This situation was always designed to be a half-way house on Turkey’s way towards joining the EU and not as a permanent solution. However, Ankara has been drifting away from membership status for some time, in part due to clear objections from France and Germany to it ever becoming a full EU member. So a temporary model designed to speed up the process of joining the EU is clearly not one which the UK would want to replicate in exiting the bloc. For the world’s fifth largest economy, which already has a trade deficit and is seeking to grow new trading relationships, opening ourselves up further to imports but shrinking our global export possibilities would be nothing short of disastrous. Unable to do trade deals with other countries, with our exports at a significant disadvantage compared to those from EU countries, we would be in a much worse position that we are now.
That is why the government have been clear they cannot let this be the UK's fate by deciding to stay in the customs union. However, the government has also been emphatic, rightly, that we should not allow a cliff-edge scenario to play out, with significant disruption at ports and entry points upon our leaving the customs union in March 2019. Without sensible arrangements in place businesses on both sides of the channel, as well as across the island of Ireland, would suffer. So a transitional customs agreement keeping current border arrangements in place is vitally important for economic stability as we exit the EU and until new long-term arrangements are up and running. By necessity such a transition period should not last too long, it would hamper the UK’s aims of concluding new trade relationships with non-EU countries, but it is important for certainty in the short-term.
That is why this month the government published the first of its 12 position papers on the Brexit negotiations on the future UK-EU customs relationship, proposing for a limited transition period, a close association with the EU customs union, maintaining a common external tariff with the bloc, but free to negotiate and sign free trade agreements with other countries but not bringing them into force until the end of the transition period. For the longer term the UK government proposes one of two options, either to implement electronic checks and smart borders to minimise trade disruption or to have a customs partnership with the EU, aligning our customs approaches and negating the need for a customs border, effectively a customs union with the customs union.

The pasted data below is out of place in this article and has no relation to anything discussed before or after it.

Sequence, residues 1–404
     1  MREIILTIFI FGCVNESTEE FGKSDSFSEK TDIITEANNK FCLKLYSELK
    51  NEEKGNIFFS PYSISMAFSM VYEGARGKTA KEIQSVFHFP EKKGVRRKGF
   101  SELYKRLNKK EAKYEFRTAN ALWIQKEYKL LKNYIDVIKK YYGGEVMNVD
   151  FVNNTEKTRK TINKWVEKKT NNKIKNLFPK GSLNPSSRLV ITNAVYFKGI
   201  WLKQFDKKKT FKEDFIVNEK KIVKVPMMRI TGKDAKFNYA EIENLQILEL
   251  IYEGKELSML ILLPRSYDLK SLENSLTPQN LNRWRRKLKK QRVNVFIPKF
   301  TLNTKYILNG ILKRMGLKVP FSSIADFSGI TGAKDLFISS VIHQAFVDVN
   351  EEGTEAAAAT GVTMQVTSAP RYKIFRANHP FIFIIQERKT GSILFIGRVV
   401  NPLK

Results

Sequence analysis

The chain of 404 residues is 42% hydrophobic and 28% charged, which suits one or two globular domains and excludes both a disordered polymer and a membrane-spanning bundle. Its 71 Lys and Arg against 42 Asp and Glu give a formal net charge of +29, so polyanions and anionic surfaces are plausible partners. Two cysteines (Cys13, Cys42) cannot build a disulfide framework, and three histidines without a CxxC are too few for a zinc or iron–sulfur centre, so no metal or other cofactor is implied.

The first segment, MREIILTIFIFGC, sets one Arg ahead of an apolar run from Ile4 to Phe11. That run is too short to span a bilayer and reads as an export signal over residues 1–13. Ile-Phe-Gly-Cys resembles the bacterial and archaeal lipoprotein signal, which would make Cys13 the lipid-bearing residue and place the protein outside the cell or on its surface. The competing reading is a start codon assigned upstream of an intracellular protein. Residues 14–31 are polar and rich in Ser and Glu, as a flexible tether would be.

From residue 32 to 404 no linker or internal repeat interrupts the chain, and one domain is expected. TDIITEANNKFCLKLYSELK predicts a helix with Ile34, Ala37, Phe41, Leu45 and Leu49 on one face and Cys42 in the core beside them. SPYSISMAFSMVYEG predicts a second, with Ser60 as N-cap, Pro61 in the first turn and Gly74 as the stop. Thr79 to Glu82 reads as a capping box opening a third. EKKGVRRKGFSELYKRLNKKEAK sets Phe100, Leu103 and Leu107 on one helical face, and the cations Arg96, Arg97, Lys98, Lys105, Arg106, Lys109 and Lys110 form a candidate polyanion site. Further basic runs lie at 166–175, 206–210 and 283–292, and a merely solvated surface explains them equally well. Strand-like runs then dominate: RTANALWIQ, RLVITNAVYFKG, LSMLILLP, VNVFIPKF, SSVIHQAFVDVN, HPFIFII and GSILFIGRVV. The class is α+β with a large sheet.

Both approaches have difficulties but for our long-term future prosperity it is apparent to anyone who studies how the customs union works that no non-EU member state would wish to be a part of it without any say over its rules or a share of the export benefits it brings to full EU members. So the question should not be whether we leave the customs union but what future customs and tariff arrangements we can come to with the EU to enable as free a flow of trade as possible. Despite the EU’s clear wish to discourage other member states from leaving I am confident that when negotiations conclude the economic reality for businesses and citizens on both sides will lead to a sensible outcome.